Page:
I read this article yesterday, published in the New York Times, discussing the pros and cons of running barefoot.
Daniel Lieberman, a professor at Harvard University, studies barefoot running. He says that there “is good evidence that humans have been running long distances for millions of years, and most of that was probably done barefoot.”
Dr. Lieberman himself runs barefoot periodically.
Running barefoot is becoming quite popular, nowadays, with many groups advocating it. It is said to be ‘more healthy’ than running wearing shoes. Some advise running barefoot simply because it is more enjoyable!
Abebe Bikila was a two-time Olympic marathon champion from Ethiopia. He competed in the 1960 Olympics in Rome as part of the Ethiopian Olympic team.
Adidas was the sponsor for shoes at the Olympics and Bikila was given a pair of shoes by them that didn’t fit comfortably. “A couple of hours before the race the decision was taken by Abebe to run barefoot, the way he’d trained for the race.”
And he went on to win that race in record time, becoming the first black African to win an Olympic gold medal. The runner from Ethiopia, who ran barefoot, beat all the other competitors running in fancy sports shoes.
In India, poverty is widespread, with one third of the world’s poor estimated to be here in India. India’s people are barefoot, not out of choice, but out of necessity.
There are great disparities in income resulting in a small percentage of people living in luxury while the majority both in urban and rural areas subsisting in poverty.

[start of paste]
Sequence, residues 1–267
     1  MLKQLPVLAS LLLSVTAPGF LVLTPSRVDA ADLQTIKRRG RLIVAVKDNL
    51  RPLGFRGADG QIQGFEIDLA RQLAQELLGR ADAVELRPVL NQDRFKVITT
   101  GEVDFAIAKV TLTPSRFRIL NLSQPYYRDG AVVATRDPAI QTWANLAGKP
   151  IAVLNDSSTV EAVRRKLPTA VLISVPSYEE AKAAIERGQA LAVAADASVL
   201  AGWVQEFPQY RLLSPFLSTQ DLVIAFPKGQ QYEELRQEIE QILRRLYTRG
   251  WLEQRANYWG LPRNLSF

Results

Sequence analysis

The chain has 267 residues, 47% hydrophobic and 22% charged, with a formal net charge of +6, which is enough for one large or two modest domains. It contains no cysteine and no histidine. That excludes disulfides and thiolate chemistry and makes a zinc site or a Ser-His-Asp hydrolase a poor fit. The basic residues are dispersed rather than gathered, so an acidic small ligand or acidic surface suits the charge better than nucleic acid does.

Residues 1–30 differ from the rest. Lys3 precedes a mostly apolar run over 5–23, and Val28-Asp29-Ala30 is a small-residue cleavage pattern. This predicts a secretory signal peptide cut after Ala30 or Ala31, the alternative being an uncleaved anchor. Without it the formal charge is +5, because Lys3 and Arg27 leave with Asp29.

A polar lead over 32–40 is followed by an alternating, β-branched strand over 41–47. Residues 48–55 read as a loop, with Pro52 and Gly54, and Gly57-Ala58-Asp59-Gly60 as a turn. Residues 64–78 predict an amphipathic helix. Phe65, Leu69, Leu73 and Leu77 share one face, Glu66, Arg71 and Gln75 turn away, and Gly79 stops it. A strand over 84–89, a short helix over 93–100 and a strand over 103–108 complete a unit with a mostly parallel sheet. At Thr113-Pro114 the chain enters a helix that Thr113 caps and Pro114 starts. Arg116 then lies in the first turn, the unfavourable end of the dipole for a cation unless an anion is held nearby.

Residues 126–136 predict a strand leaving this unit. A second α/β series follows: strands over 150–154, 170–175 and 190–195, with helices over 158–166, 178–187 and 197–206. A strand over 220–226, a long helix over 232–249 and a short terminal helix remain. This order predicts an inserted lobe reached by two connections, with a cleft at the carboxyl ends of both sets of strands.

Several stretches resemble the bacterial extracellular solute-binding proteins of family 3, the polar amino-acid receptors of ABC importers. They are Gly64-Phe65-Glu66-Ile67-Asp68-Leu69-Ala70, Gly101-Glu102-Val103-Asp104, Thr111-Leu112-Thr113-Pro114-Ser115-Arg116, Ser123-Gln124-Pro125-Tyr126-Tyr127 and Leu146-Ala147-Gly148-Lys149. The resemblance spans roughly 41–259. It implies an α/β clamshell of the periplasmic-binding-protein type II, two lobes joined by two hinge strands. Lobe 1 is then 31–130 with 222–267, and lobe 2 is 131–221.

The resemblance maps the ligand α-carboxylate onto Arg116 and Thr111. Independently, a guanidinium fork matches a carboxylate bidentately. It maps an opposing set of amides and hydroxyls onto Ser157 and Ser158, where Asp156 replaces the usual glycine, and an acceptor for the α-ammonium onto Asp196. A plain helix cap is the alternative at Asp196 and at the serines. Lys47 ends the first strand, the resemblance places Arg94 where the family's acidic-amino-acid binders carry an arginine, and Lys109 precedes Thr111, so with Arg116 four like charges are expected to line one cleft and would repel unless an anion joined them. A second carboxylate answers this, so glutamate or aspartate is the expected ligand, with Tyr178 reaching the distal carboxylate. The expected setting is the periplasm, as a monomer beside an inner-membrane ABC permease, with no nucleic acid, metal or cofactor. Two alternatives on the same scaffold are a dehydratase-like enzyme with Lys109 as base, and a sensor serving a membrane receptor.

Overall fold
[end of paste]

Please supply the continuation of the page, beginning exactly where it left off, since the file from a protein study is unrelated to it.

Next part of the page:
It is heartening, therefore, to read about the Barefoot College, which began its activities in 1972.
Have any of you heard about this initiative? This is the first time I have come across information about this.
“It has created a non-formal education process for children and adults which assists students to develop a sustainable community. Their barefoot process has radiated to surrounding villages and taken root in thirteen Indian States. The College has influenced local, state and national policies regarding education and development.”
The Barefoot College believes that the solutions to rural problems, like unavailability of drinking water, education of the girl child, health and sanitation, lie within the community itself.
It encourages practical knowledge or skills rather than formal education. The College works towards improving the quality of life of the rural poor.
I was particularly interested to read its Code of Conduct which includes-
“Have respect for collective, traditional knowledge, beliefs, wisdom and practices of the community.”
“Be committed to the preservation of natural resources and not endorse processes that destroy, exploit or abuse natural resources.”
“Use appropriate technologies that sustain the community and not encourage technologies that deprive people of their livelihoods.”
These seem to be guidelines that would well suit the needs of rural India today.